There's anything but water in those cups I assure you...

This Sunday the fine Irish residents of our city (and those who call anything south of I-55 home) will gather on Western Avenue to cheer on their family members and neighbors as they parade down the middle of the normally busy street.  While admirable in spirit, I cannot get behind the event out of principle.  You see I have seen the view from Everest and you will have to pardon my lack of awe as we look out from atop Villa Olivia today.  The Southside Irish Parade is a bastardized version of its former self, and in honor of what it was, I cannot embrace its current iteration.

For a kid who grew up in the western suburbs, the Southside Irish Parade was something that happened annually in a faraway place and was covered on the nightly news once a year.  Frankly I couldn’t have told you the difference between it and the Bud Billiken Parade for the first half of my life (oh how ignorant I was…).  It wasn’t until after returning from college and moving to the city did the siren song of day drinking in the streets find its way to my virgin ears.  I think it was a friend from work who lives on the Southside who finally pushed me over the edge in offering a parking spot and a place to crash.  To him I am forever grateful.

A group of my friends and I loaded into my car with backpacks full of beer, a hacky sack, eighteen bottle rockets, and expectations that we had to open the sun roof to accommodate.  The look on our faces upon arrival mirrored that of a child finding a Golden Ticket in his Wonka chocolate bar.  Plain and simple we had found Mecca and the revelry commenced.  Within walking half a block from our parking spot we decided to shotgun our first round of beers to honor the occasion, and upon completion we were approached by a group of girls asking if they could join us in celebration.  Striking us as a bit young to be imbibing in such practices we asked their age and they promptly responded, “16.”  Shotgun we did and merriment ensued (no further merriment was had with the 16 year olds for the record).

The rest of the day was a haze in openly intoxicating ourselves up and down Western Ave., stopping in bars and drinking straight from the tap, making new friends everywhere we went.  The stories are both rich and vivid while also blurred from both blood alcohol levels and sworn vows of silence.

I’m not a religious man but I’d have to guess that St. Patrick himself could not have envisioned a better medium for humans to come together and revel in the glory of all that is good in life than the Southside Irish Parade allowed.

Years passed and our crew returned for our annual pilgrimage on the Sunday before St. Patrick’s Day.  Aside from my fantasy football draft it really is the only time I ever venture below McCormick Place, but a worthy trip it became each spring.  Our cast of characters evolved over time, eventually including The Wife as she was unknowingly put through the parade experience as a test to verify that she possessed the intestinal fortitude to survive as a lifelong companion (a test she passed with flying colors for the record).  Our mode of transport changed as well as we adopted the shuttle bus options that various bars in the city ran so as to remove a driver from the equation on our end.  Each year topped the one before as the debauchery and laughter only grew.  These were fantastic times in my life.  That is until the dark days arrived.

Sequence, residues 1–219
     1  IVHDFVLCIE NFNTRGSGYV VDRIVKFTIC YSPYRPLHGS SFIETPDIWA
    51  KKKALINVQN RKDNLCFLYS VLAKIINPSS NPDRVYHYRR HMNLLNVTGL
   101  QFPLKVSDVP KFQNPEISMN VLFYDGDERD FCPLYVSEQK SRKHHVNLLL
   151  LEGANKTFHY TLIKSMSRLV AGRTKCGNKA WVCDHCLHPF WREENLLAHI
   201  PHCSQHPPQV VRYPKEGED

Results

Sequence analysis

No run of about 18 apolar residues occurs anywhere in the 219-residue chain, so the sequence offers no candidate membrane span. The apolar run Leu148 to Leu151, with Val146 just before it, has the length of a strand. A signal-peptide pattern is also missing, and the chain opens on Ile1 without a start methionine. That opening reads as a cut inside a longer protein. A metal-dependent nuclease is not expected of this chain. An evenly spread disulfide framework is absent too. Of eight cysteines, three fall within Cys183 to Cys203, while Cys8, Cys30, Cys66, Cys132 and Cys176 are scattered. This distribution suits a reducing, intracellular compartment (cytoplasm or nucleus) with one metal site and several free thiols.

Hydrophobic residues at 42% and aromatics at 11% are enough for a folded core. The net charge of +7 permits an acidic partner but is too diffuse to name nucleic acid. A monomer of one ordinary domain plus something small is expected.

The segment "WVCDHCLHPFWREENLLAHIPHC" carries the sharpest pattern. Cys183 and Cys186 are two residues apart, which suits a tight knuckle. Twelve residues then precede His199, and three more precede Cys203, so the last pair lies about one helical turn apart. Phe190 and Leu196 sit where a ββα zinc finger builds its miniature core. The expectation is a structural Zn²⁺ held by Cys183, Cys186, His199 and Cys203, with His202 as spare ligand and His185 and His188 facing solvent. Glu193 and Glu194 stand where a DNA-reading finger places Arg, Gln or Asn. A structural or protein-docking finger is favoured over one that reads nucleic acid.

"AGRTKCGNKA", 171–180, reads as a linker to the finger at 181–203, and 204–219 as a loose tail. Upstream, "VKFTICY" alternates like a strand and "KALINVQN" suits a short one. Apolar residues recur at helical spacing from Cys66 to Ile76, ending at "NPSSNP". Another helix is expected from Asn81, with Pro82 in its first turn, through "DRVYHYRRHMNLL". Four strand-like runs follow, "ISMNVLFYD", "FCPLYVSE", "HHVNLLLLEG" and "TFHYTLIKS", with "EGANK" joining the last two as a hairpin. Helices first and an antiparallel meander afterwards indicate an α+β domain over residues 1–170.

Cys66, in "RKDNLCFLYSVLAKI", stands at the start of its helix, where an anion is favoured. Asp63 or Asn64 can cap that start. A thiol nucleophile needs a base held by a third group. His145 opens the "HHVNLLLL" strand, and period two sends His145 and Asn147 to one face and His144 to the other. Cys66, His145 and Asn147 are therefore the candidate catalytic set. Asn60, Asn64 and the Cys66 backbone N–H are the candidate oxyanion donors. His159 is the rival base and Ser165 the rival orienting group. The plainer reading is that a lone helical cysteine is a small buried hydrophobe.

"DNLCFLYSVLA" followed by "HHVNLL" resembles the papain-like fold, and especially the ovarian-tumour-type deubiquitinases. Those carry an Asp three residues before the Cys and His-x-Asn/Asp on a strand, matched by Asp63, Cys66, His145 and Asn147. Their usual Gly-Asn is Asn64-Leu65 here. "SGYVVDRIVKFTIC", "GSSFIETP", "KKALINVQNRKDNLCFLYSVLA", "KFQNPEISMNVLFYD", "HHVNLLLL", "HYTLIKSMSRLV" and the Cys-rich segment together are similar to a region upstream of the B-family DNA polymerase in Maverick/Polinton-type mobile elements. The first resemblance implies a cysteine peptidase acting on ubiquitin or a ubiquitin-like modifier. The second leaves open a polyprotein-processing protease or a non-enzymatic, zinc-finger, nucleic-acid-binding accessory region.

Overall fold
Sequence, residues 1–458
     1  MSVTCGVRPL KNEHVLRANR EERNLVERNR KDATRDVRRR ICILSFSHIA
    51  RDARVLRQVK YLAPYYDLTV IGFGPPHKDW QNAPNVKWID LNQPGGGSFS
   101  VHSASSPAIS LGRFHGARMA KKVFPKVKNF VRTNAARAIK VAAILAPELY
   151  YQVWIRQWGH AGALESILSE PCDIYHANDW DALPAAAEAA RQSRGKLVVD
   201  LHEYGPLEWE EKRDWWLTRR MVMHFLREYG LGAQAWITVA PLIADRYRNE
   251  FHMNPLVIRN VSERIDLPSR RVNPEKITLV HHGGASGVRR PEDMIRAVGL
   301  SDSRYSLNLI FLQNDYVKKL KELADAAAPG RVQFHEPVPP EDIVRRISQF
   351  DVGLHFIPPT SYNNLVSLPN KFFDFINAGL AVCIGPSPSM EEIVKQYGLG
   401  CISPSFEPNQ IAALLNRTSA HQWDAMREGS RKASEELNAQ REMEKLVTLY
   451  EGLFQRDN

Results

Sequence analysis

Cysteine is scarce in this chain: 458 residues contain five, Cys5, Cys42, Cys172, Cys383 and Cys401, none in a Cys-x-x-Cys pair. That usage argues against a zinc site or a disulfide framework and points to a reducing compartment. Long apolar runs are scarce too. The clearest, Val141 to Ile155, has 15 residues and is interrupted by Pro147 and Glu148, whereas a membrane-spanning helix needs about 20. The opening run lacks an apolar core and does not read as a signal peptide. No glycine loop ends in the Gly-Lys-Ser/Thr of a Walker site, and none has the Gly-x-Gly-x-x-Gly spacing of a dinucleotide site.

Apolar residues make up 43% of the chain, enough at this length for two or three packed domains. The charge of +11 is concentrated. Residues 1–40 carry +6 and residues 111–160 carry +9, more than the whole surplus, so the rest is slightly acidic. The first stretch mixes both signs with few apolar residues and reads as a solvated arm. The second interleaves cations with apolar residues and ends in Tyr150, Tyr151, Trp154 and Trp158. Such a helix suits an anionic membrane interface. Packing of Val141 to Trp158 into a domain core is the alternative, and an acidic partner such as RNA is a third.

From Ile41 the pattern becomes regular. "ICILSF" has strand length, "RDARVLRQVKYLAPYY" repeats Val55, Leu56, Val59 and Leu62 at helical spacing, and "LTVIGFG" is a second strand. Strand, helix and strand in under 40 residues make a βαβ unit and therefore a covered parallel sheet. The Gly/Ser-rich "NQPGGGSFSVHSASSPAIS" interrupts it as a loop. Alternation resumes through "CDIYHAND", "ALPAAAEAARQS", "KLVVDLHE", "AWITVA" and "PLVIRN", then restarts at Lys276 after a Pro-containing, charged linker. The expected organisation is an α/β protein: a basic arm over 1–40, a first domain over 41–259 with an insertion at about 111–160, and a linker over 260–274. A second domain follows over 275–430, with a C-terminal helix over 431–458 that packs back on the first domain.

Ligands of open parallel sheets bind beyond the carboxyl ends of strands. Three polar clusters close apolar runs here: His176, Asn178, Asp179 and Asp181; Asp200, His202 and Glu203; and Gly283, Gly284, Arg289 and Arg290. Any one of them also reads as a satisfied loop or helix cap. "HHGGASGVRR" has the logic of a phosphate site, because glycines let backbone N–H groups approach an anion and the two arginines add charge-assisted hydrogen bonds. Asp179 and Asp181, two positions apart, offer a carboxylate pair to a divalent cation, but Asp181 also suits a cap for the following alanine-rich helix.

Someone somewhere in a position of power eventually caught on to the city’s most poorly kept secret, that many of the laws of our society were put on temporary moratorium for that single Sunday each year.  The whip came down in 2009 and the parade was no more.  Apparently the crowd control and the clean up afterwards became too big a chore for the powers-that-be and thus a complete zero tolerance issue was decreed (apparently people were sharing alcohol with underage children as well – imagine the heathens that would do such a thing).

March 14, 2011 and March 13, 2012 were eerily silent days on the Southside of town.  Much like Fight Club, you could smell the aroma of a party that had just ended but there was nothing to be found.  Festivity goers could still visit the bars up and down the parade route much the same as they could any of the other fifty-one Sundays a year but the magic was gone.  In 2012 it was decided that the parade would return but it would do so under a strict authoritarian rule.  Anyone found with so much as a Silo cup on the street was immediately set on by officers and tickets were distributed by the handful.

A parade will take place this Sunday – bands will play, children will march, and politicians will wave – but what once was beautiful is no more…

On Sunday I will sip a glass of beer

From my eye will swell a tear

It will defuse within the colored dye

in remembrance of a day gone by